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Doing ‘judgemental rationality’ in empirical research: the importance of depth-reflexivity when researching in prison

Quraishi, Muzammil, Irfan, Lamia, Schneuwly Purdie, Mallory and Wilkinson, Matthew L. N. 2021. Doing ‘judgemental rationality’ in empirical research: the importance of depth-reflexivity when researching in prison. Journal of Critical Realism 21 (1) , pp. 25-45. 10.1080/14767430.2021.1992735

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Critical realist thought has theorised convincingly that epistemic relativism is constellationally embedded in ontological realism which in turn necessitates judgemental rationality. In social science, judgemental rationality involves acting upon plausible decisions about competing points of view. However, the tools for doing this are, as yet, under-articulated. This paper addresses this absence by articulating triangulation and depth-reflexivity as two tools for doing judgemental rationality in empirical research. It draws on the experiences of a diverse team working on an international comparative research project on conversion to Islam in prisons. It demonstrates how epistemic and relational gaps between researchers and research subjects can be bridged by mobilising the ‘laminated’ properties and personal attributes of a diverse research team that factors in attributes that are absent as well as those present. The biographical experiences of the team are analyzed in a variety of intersecting dimensions: faith, ethnicity/ethno-culture, gender, class and professionality.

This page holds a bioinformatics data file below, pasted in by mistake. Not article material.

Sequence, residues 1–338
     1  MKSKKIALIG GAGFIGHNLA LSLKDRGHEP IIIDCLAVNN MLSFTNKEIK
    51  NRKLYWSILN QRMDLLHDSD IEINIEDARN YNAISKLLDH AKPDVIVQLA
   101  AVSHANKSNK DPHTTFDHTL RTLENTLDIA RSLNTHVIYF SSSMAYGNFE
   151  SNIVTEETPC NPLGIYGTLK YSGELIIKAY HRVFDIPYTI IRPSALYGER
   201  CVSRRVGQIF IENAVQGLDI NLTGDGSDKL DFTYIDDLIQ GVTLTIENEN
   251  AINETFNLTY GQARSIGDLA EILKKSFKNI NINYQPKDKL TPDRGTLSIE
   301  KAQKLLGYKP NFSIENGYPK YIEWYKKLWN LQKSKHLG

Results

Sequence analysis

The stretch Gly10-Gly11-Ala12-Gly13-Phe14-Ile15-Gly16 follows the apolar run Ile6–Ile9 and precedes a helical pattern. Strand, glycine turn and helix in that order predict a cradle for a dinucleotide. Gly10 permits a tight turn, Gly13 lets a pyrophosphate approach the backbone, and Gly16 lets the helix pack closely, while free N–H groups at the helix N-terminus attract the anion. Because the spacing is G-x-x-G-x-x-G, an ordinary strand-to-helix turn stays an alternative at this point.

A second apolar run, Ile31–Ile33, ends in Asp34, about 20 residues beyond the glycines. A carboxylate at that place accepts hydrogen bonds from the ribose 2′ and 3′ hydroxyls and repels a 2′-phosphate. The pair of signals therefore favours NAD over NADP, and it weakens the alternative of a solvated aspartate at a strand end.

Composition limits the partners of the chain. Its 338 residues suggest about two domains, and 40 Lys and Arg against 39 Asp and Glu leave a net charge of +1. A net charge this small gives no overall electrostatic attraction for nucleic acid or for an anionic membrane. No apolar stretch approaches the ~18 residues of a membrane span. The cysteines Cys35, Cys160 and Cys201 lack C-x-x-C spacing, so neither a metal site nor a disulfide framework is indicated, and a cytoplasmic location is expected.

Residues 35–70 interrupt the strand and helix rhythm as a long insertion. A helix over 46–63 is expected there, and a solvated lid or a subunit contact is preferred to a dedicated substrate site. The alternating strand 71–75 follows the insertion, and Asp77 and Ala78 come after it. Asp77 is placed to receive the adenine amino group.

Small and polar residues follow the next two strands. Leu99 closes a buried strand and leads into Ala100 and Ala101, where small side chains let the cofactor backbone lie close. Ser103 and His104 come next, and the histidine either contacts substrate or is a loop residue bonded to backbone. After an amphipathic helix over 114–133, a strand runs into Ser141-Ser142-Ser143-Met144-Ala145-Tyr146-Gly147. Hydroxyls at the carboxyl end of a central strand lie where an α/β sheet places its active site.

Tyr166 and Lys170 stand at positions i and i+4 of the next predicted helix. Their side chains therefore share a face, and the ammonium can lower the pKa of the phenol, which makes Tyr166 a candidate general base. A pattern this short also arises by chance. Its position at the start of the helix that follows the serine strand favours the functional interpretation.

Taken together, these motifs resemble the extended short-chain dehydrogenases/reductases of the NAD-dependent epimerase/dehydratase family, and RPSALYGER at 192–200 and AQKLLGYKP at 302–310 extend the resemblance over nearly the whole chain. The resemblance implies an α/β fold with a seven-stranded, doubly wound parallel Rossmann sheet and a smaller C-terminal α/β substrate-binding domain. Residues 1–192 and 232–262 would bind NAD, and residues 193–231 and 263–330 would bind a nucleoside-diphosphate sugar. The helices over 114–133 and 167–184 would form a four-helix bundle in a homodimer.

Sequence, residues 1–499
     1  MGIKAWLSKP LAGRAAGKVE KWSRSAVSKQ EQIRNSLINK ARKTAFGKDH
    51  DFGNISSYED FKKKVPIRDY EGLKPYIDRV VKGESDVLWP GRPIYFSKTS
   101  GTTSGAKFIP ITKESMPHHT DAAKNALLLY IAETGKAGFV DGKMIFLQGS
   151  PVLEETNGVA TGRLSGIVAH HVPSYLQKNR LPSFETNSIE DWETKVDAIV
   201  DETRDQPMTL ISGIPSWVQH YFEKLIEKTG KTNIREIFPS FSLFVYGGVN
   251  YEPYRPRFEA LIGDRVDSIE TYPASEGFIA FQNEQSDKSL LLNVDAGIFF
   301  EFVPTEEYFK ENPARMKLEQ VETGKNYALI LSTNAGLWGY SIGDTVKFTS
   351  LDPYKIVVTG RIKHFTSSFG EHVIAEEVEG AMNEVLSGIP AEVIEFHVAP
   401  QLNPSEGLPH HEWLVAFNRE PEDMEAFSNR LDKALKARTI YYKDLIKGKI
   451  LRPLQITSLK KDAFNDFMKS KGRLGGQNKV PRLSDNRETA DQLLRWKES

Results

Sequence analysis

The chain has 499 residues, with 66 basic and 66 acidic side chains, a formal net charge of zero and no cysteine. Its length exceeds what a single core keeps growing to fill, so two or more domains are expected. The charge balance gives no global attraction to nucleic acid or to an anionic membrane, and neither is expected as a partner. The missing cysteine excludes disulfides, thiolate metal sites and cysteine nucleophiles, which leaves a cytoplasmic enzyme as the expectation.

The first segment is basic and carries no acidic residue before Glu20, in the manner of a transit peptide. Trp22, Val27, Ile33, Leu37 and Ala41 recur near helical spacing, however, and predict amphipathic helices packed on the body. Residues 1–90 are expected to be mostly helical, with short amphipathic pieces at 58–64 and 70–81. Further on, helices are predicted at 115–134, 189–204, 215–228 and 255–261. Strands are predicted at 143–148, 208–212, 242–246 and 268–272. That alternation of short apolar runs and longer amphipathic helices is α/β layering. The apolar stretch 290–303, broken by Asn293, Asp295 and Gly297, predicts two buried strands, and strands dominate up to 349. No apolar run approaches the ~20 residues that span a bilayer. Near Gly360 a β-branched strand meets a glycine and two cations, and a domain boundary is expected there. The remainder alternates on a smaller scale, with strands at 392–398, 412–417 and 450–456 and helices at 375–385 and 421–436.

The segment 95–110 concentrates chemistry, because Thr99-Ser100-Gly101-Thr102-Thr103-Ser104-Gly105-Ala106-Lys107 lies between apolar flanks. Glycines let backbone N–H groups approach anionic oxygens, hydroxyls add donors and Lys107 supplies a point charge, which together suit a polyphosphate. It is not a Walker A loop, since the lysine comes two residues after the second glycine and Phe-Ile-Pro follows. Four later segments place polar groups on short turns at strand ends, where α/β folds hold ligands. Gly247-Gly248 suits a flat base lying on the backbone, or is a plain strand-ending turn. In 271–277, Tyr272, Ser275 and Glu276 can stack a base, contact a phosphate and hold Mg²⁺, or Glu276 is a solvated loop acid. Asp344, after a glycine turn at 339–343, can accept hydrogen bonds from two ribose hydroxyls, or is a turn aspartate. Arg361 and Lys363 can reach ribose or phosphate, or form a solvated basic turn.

Item Type: Article
Date Type: Published Online
Status: Published
Schools: History, Archaeology and Religion
Additional Information: This is an Open Access article distributed under the terms of the Creative Commons Attribution-NonCommercial-NoDerivatives License
Publisher: Taylor and Francis
ISSN: 1476-7430
Funders: The Dawes Trust
Date of First Compliant Deposit: 21 March 2022
Date of Acceptance: 5 November 2021
Last Modified: 25 Mar 2022 12:39

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